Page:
Posts filed under ‘social media’
Maybe companies can build their brands by “sharing” them with others. http://ow.ly/eZCZ6
Since 2007, thousands of executives from around the world, across a wide range of industries and functional areas, have responded to a survey by McKinsey asking how their organizations are using Web 2.0 technologies. In 2009, McKinsey created a fascinating interactive tool that links the data from survey results and charts it interactively.
This interactive tool focuses on several of the survey’s core questions, from the technologies and tools companies view as most important to what kind of investments, if any, they plan to make in in the future. The survey examines the business use of 12 technologies and tools: blogs, mash-ups (a Web application that combines multiple sources of data into a single tool), microblogging, peer to peer, podcasts, prediction markets, rating, RSS (Really Simple Syndication), social networking, tagging, video sharing, and wikis.
Using the interactive presentation, you can track the performance of each technology through the years or customize the view to compare particular technologies side by side. It also contains an audio guide. Take a look and a listen.
from The Daily Stat | Harvard Business Review
Word of mouth is no longer just an intimate act: Consumers post product reviews online and disseminate opinions through social networks. McKinsey research indicates that in developed markets, word of mouth has its biggest impact when consumers decide which products to consider and when they’re actively evaluating products — at those moments, 18% and 19%, respectively, see it as the single most important factor influencing them. In developing markets, WOM is most significant at the moment of purchase (46%). In both kinds of markets, word of mouth is the only factor that ranks among the top three at every stage.
Source: A new way to measure word-of-mouth marketing | McKinsey
According to Deloitte data, 2009 was the year that social media bloomed for Baby Boomers, with nearly 47% of them actively maintaining a profile on the social web, which is up 15% from 2008. Further driving home that 2009 was the year of the social BB is the fact that from 2007 to 2008 there was barely a measurable change — just 1% — in that demographic’s adoption of social media.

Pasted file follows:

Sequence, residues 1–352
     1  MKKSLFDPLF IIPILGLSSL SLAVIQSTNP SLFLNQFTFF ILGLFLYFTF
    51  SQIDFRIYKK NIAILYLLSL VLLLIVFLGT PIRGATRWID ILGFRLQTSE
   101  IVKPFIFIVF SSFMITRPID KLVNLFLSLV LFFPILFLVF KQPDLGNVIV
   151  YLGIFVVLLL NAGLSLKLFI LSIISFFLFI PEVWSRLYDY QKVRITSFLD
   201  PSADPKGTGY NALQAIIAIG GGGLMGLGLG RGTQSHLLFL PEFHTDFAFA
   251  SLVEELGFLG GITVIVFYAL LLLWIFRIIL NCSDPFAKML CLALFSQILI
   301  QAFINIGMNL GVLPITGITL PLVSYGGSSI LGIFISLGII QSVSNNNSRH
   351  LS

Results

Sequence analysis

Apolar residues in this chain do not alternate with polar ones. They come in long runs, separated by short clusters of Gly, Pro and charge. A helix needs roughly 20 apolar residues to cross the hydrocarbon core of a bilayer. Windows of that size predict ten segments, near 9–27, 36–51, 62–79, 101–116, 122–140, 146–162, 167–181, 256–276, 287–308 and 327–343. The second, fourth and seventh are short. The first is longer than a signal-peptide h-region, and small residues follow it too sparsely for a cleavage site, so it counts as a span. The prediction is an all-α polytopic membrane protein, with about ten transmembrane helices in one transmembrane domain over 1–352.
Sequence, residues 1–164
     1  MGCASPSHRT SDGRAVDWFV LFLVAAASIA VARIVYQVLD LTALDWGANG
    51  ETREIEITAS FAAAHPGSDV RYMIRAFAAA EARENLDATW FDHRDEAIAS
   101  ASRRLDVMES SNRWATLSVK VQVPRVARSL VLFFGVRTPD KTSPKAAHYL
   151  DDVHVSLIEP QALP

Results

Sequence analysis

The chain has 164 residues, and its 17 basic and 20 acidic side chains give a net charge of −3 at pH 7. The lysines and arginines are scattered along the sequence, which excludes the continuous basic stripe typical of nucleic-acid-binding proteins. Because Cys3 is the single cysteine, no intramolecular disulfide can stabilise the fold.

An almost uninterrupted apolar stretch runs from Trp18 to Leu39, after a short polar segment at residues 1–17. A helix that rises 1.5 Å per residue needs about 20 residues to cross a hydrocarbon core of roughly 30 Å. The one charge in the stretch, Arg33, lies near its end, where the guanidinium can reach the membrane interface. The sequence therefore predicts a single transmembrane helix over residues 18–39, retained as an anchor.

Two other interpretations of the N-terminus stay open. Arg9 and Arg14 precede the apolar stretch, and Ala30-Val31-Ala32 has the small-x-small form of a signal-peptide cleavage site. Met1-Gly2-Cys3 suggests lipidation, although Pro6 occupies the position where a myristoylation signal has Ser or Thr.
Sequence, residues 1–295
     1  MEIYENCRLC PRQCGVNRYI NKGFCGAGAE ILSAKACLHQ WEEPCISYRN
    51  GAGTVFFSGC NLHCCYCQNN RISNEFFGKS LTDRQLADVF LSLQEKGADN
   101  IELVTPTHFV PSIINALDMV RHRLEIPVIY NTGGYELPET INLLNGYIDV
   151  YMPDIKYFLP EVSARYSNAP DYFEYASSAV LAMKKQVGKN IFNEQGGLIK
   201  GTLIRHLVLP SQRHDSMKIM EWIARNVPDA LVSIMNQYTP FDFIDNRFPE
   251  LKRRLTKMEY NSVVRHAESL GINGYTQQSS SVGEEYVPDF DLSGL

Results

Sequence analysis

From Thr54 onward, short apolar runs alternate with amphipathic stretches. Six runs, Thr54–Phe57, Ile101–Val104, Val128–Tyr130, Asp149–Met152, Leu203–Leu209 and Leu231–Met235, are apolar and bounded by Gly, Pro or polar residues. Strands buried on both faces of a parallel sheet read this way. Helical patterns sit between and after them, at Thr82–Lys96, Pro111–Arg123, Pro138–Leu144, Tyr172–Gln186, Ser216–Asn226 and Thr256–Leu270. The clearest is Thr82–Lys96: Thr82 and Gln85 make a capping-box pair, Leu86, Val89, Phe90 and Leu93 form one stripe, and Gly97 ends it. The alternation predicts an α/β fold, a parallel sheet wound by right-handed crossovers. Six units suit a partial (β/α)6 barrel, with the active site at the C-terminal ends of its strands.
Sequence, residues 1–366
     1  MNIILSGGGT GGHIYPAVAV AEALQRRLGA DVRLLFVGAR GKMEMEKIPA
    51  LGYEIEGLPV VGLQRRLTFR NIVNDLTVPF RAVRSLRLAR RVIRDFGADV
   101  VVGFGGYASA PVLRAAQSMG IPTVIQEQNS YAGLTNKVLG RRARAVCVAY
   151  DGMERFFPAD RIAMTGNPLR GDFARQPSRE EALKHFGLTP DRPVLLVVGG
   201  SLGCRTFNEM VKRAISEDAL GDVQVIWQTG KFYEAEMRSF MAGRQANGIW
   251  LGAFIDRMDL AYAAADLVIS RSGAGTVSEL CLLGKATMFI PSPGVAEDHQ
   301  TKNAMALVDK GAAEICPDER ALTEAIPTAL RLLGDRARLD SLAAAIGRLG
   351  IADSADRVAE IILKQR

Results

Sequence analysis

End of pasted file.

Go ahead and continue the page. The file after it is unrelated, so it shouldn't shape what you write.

Boomers also love Facebook far more than other social media sites, with 73% of the group claiming to maintain a Facebook profile, while only 13% have taken a liking to Twitter. We also find it somewhat shocking that only 13% identify themselves as active LinkedIn users. One would think that given their place in the professional world, Boomers would we more active on the professional site.
Retailers trying to influence moms should pay close attention to their social media efforts and also focus on free items, promotions and discounts, according to a Retail Advertising and Marketing Association RAMA survey conducted by BIGresearch.
The study found that women with children at home are more likely to use Facebook 60.3 percent, MySpace 42.4 percent and Twitter 16.5 percent than average adults 50.2 percent, 34.4 percent, 15.0 percent, respectively. Moreover, 15.3 percent maintain their own blog.“Retailers who aren’t engaging customers through social media could be missing the boat,” said Mike Gatti, executive director for RAMA.
“Twitter, Facebook and blogs are becoming increasingly popular with moms as they search for coupons or deals and keep in touch with loved ones. The web provides efficient, convenient ways for brands to stay in front of their most loyal shoppers and attract new ones.”
OK, if you’re not a “hugger” you might not know what I mean. And, sheesh (!) that headline is old school, but bear with me. As a marketing coach, a big part of my day is asking questions, so here’s a biggie…
What should you be doing tomorrow that you aren’t doing today?
I asked questions, maybe this YouTube video contains the answers. You be the judge. Please leave a comment and tell me what you think.